Canadian Labour Congress President Hassan Yussuff poses for a photo, Thursday, February 14, 2019 in Ottawa. A task force to help Canada’s coal workers adjust to life after coal power says is warning that support for action against climate change will be at risk if Ottawa doesn’t embed policies to help coal towns transition. THE CANADIAN PRESS/Adrian Wyld

New rules governing unpaid interns in federally regulated sectors released

Feds posted the proposed rules under laws that extended standard health and safety protections to unpaid interns

Unpaid interns in federally regulated industries are getting closer to having some of the same labour protections paid employees get.

They include standard protections like 40-hour work weeks, holidays, maternity-related reassignments and leave. On top of that, the new regulations would add new protections, like unpaid breaks for every five hours worked and an eight-hour rest period between shifts.

The federal government posted the proposed rules under laws that extended standard health and safety protections to unpaid interns in federally regulated private businesses and limited those internships to placements that are part of educational courses. They’re up for 30 days of public comment.

Federally regulated private sectors include activities like banking, telecommunications and some areas of transportation, but not the federal civil service. A 2015 survey found there were 2,346 unpaid interns in these sectors.

Despite the small numbers, one organization consulted on the legislation says the regulations will help reduce exploitive unpaid internships elsewhere as well.

“It sets clear standards that people within the federal jurisdiction will be paid for their work,” said Hassan Yussuff, the president of the Canadian Labour Congress. Yussuff said his organization is “deeply worried” that other provincial and territorial jurisdictions don’t have regulations dealing with unpaid interns, but he hopes they will learn from the federal regulations.

ALSO READ: Federal Liberals aim to add personal leave days as Ontario cuts them back

Yussuff noted that allowing unpaid internships only if the interns get educational credit for their work experience strikes a balance between compensating students and allowing them to have good learning experiences in the private sector.

“The first thing [students] should learn is that if you’re going to work, you should get paid. Nobody should expect that somebody is going to come perform their labour for free. We live in 2019, so those days are long gone,” Yussuff said.

The rules would require an employer to collect paperwork from each intern’s school explaining just how the work placement fits into an education program and how many hours they’re supposed to put in.

The chair of the Canadian Alliance of Student Associations, a student advocacy group, said the exception the government created for educational internships is not the ideal outcome for students.

“At the end of the day, that’s not as good as getting paid for that work,” said Adam Brown, a student at the University of Alberta, adding students face increasing costs for post-secondary education.

“However, at least they’re getting something out if it,” he said. “We always want to keep moving to make sure students are monetarily paid for their work.”

Eliminating unpaid internships in federally regulated environments was a Liberal campaign promise in 2015.

Legislation to do it was delayed until December 2017 because labour groups, student unions and others representing interns said the protections weren’t strong enough in the Liberals’ first attempt.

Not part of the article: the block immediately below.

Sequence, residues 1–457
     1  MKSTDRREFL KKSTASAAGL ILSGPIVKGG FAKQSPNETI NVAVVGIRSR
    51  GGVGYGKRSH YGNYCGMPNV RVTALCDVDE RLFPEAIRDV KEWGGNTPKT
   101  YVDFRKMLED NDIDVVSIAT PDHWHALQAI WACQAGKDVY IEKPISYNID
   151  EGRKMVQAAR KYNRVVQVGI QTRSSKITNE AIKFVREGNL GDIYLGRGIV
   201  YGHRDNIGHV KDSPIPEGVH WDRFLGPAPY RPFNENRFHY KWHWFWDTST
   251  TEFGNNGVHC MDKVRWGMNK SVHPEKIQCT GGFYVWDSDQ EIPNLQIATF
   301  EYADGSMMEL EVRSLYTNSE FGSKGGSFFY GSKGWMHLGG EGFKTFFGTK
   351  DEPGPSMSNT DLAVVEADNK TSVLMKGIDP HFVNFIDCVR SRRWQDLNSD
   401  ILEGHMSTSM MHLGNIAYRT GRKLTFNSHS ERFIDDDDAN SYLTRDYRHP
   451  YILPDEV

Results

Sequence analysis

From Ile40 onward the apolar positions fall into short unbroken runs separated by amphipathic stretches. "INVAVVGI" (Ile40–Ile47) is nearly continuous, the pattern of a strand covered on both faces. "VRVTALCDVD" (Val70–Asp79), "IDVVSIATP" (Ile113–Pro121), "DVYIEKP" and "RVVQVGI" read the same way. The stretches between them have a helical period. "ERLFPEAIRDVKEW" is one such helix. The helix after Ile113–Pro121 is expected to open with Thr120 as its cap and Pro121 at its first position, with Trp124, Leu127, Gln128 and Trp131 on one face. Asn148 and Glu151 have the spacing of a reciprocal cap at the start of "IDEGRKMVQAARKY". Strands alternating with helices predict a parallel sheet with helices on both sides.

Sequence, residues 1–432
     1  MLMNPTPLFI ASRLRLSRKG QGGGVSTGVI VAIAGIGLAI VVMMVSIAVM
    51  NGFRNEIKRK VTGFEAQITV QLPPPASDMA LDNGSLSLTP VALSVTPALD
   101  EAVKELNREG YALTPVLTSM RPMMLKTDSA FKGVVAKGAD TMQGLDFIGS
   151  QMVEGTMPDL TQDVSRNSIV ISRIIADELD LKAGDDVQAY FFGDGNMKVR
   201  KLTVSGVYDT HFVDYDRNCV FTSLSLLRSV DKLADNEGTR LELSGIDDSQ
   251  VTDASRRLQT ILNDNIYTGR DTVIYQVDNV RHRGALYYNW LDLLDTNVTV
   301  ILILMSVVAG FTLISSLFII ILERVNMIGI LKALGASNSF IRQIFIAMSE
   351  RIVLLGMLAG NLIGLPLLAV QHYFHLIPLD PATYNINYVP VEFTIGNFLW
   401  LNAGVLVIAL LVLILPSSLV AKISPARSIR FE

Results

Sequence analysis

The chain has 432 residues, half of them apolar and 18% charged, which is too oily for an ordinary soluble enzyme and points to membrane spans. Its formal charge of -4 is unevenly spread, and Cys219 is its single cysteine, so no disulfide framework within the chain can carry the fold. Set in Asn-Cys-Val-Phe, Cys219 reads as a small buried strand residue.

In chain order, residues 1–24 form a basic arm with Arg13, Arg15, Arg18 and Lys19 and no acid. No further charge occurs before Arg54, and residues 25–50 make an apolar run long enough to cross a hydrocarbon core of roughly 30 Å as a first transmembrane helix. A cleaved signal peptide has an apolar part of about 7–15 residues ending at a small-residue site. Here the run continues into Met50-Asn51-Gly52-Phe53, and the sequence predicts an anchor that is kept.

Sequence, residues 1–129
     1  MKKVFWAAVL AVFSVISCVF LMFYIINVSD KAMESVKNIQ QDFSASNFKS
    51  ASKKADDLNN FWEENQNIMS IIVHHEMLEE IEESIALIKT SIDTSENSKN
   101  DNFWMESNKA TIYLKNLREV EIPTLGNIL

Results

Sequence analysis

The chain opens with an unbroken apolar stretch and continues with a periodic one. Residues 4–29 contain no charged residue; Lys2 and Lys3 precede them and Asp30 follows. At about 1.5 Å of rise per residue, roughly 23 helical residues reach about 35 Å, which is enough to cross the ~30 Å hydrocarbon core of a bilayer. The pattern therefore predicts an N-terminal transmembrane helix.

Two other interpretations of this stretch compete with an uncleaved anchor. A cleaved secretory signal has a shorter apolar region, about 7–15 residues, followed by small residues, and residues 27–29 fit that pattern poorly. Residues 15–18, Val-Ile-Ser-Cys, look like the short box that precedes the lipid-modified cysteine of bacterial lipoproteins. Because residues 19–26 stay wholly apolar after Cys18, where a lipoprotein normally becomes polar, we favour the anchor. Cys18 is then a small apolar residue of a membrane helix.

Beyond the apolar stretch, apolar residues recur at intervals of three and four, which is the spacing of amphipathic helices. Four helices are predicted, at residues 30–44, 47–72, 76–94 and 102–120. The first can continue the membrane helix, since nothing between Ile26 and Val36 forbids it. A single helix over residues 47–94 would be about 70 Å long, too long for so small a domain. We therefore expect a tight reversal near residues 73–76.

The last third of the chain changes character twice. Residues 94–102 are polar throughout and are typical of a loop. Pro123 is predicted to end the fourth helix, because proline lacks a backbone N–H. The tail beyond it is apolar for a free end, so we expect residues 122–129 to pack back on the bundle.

Christian Paas-Lang, The Canadian Press

Like us on Facebook and follow us on Twitter.

Just Posted

Campbell River teen on the mend a year later

Jonah Shankar’s treatment for brain tumour involved trips to UK

Skipping school costs a dozen Vancouver Island students chance at a new car

Cowichan Secondary’s Jared Lammi showed up and won $5,000 cheque toward vehicle, but he can’t drive

Province steps up for Island toddler’s treatment

Lake Cowichan’s Charleigh Fales only one in B.C. diagnosed with rare CLN2 Batten disease

Average housing prices would have to drop by $413,000 for Victoria to become affordable

Alternatively, salaries need to increase to $134,000 per year, more than double current levels

Vet services for Victoria’s pets of the homeless cancelled for first time in a decade

Vets for Pets faces a volunteer shortage that’s forced the group to cancel its recent service

Oak Bay mom describes finding son ‘gone’ on first day of coroners inquest into overdose death

Jury to make recommendations based on death of Elliot Eurchuk, 16

Suicide confirmed in case of B.C. father who’d been missing for months

2018 disappearance sparked massive search for Ben Kilmer

Sproat Lake fire held today, but not yet under control

Two-hectare fire is located at Taylor Flats close to Highway 4 west of Alberni

New secondary school planned for north Langford

Province announces $18.6 million in funding for site

Victoria mandates 20 per cent of large new housing developments be affordable

After years of back and forth, inclusionary housing policy will be ratified in two weeks

Man suffers burns, dog dies in fire in Nanaimo

Structure burns down on Clifford Road property in Cedar

Dash-cam video in trial of accused cop killer shows man with a gun

Footage is shown at trial of Oscar Arfmann, charged with killing Const. John Davidson of Abbotsford

Eight U.S. senators write to John Horgan over B.C. mining pollution

The dispute stems from Teck Resources’ coal mines in B.C.’s Elk Valley

Threats charge against Surrey’s Jaspal Atwal stayed

Atwal, 64, was at centre of controversy in 2018 over his attendance at prime minister’s reception in India

Most Read